Wednesday, November 14, 2012

Aliyah: One Month Down

I was considering writing a blog post about how you should never ever rent a car in Israel because the gas here is too expensive and the fees are too expensive, and did I really forget in a single month how expensive owning a car was?

(I guess so. But seriously, the adventure to IKEA in Rishon Letziyon was pretty amazing. And the kosher nosh? Totally totally worth it. Even if I did break the bank.)

Yes, that's dijon salmon and crinkle french fries. With a soda.
I spoiled myself. Okay?! It was my one-month aliyahversary!

Instead, I wanted to pop in after a month in Israel (where oh where has the time gone) to say how inexplicably pleased I am with life. There have been a few giant lemons since arriving (in the form of men and mosquitoes and a hole in my wall with water pouring out of it), but by and large it's all bliss. I've made dozens of new friends, many who I see on a daily basis thanks to the close quarters of Nachlaot. There's something unbelievably special about walking a few seconds to the shuk for fresh produce and returning home and passing the park to see a friend with her kids playing there. I stop, I chat, I watch the Mayanot guys playing soccer, the cats sniffing around piles of food someone's left out, watch the clouds rolling fast overhead and the chill coming in, and I'm home. Home where I now have a gigantic toaster oven (thanks Amy and Miriam!), a nifty table from IKEA so that I can stop eating and working on my bed (thanks for the encouragement Lany!), and a space that I have made uniquely my own.

I was the girl on the No. 18 with her oven. It had its own seat, yes it did. 

I guess today for the first time, I really feel like I have a home. I've always felt at home, but now I have a space that is uniquely mine, filled with my things, my hard work (oh this furniture gave me blisters), scents of my cooking, the sites of my life. This place is mine at last.

Lunch today at Ben-Ami on Emek Refaim with besties Miriam and Amy.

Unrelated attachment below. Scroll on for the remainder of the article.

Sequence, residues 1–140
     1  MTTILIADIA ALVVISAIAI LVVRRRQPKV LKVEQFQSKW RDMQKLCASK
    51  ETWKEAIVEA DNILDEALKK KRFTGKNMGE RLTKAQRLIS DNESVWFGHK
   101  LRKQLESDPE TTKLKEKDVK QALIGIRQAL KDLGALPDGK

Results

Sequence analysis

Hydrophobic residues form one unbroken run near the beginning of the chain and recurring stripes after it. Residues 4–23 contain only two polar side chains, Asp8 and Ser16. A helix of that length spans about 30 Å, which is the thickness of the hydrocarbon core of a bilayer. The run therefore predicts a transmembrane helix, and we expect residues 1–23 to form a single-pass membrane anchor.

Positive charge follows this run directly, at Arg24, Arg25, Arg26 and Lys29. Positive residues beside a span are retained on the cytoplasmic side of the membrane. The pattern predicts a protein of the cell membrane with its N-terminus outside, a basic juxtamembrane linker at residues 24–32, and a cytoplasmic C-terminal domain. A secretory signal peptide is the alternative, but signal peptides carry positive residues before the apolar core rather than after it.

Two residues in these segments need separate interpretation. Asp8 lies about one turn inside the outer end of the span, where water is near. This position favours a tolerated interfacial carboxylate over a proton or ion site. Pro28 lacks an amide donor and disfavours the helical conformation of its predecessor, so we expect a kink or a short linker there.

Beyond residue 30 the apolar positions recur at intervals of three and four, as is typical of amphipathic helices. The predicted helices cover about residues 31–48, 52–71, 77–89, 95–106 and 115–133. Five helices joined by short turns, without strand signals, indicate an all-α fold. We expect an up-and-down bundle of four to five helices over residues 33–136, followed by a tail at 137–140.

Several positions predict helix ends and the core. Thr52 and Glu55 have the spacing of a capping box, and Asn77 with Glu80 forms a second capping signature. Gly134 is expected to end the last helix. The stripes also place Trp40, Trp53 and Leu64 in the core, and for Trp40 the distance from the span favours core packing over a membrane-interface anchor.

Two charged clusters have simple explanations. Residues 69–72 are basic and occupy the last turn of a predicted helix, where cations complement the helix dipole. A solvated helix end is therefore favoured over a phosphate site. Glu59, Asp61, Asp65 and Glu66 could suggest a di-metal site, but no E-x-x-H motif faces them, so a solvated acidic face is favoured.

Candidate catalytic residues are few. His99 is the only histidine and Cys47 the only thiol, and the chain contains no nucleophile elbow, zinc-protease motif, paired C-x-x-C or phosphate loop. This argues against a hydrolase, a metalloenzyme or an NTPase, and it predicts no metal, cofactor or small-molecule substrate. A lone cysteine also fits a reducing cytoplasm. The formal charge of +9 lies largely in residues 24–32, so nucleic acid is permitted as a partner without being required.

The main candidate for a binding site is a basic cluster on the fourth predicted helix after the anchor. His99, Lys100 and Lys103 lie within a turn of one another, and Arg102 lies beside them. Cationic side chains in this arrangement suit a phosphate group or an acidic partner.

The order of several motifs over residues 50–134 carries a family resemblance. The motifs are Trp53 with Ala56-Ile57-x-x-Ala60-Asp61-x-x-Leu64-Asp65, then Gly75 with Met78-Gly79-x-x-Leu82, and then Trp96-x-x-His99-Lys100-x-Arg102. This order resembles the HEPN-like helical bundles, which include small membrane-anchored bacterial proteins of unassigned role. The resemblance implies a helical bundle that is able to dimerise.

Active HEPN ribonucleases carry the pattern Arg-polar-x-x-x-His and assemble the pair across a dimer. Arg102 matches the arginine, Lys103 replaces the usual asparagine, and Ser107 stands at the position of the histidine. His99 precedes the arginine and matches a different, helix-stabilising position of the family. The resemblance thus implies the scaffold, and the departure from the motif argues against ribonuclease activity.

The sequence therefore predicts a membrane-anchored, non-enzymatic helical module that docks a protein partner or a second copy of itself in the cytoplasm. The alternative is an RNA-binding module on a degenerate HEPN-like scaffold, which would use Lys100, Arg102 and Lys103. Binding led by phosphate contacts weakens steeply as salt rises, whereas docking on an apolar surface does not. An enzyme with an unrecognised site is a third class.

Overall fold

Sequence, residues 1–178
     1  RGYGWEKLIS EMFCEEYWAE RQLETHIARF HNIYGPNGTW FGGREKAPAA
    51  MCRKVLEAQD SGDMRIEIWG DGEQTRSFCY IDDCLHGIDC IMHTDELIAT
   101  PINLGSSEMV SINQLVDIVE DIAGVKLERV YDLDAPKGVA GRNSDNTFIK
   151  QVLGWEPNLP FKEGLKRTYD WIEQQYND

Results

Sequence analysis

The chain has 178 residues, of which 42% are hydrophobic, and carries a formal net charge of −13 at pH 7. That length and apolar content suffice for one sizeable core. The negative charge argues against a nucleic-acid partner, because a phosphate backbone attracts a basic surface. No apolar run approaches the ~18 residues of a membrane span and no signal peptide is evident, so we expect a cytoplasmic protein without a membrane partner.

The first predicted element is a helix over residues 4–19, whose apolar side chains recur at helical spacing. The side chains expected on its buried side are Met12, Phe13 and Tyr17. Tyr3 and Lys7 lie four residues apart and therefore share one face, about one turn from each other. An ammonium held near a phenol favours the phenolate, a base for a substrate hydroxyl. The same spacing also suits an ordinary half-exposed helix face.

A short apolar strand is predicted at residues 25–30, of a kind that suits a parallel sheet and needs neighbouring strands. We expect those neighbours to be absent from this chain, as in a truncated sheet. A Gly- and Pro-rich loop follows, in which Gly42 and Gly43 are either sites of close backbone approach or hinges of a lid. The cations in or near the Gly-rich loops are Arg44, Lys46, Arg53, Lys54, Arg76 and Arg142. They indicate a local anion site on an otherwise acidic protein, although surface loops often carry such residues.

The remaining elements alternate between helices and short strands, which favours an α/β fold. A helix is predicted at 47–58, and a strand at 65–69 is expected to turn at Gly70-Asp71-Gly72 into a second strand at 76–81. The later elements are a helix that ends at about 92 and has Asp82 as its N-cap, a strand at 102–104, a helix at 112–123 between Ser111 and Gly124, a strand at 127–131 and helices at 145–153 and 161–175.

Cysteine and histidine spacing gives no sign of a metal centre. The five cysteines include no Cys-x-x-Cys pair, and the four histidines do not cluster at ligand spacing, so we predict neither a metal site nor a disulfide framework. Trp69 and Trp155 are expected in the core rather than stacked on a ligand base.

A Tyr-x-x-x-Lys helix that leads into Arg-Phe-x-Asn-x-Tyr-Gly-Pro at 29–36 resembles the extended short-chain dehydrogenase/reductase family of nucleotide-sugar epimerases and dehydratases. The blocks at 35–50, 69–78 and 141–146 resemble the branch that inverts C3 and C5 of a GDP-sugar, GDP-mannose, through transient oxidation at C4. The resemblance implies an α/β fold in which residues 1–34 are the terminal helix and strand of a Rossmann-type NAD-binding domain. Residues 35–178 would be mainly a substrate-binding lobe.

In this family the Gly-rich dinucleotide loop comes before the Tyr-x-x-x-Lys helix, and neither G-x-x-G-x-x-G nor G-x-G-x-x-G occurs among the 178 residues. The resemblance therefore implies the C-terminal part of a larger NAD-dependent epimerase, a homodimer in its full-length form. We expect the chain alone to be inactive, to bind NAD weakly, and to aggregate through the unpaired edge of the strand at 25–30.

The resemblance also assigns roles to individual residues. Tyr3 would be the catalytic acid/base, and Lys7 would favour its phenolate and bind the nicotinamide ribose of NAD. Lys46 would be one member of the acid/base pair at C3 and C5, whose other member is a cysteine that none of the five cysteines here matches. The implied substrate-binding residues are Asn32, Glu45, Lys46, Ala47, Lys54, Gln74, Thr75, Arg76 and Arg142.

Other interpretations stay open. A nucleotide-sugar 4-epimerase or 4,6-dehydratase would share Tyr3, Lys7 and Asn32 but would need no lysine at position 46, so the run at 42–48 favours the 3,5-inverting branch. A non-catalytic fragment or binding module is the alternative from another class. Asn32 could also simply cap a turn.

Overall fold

Don't be fooled -- they don't actually serve gluten-free pasta. 

It feels insensitive to really enjoy feeling so at home, so happy, so at peace. Yes, I know what's going on in Israel, in the south, where I have friends living. Yes, the Iron Dome is a lifesaver. Yes, the news is biased and ignoring the reason for Israel's returned agression against Gaza militants and Syira. Yes, we're probably going to end up with another war (let's be honest, we're in one), but if I were going to be anywhere I would want to be here with Am Yisrael, standing firm and strong, staring hatred and death in the face. My people, my land, my home.

Every Sunday and Monday I go to At Home Cafe. Coffee. Friends.
Gluten-free baked goods. That scone wasn't, but I had biscotti. 
It's like I'm living in an amazing dream world where people
want to be part of your life and want you to be part of theirs. 

This is my life, and I wouldn't have it any other way. I've spent just about every night for the past week on roughly 4-5 hours of sleep. I've had days like that where I'm miserable, but here, I power through. I don't cancel on social activities. I embrace my life as it is and relish in these moments. I have friends, I have love, I have family, I have happiness. It's amazing.

Two doors down -- life imitates art. 

I'm spoiled. HaShem is spoiling me. If this is aliyah, I wouldn't want anything else. I'll take the leaks and my Bank Leumi card not working and missing exits on the highway ... I'll take the lines and bureaucracy and imminent danger. If this is what happiness and peace and internal calm feels like, then I'll take it. I'll take it all.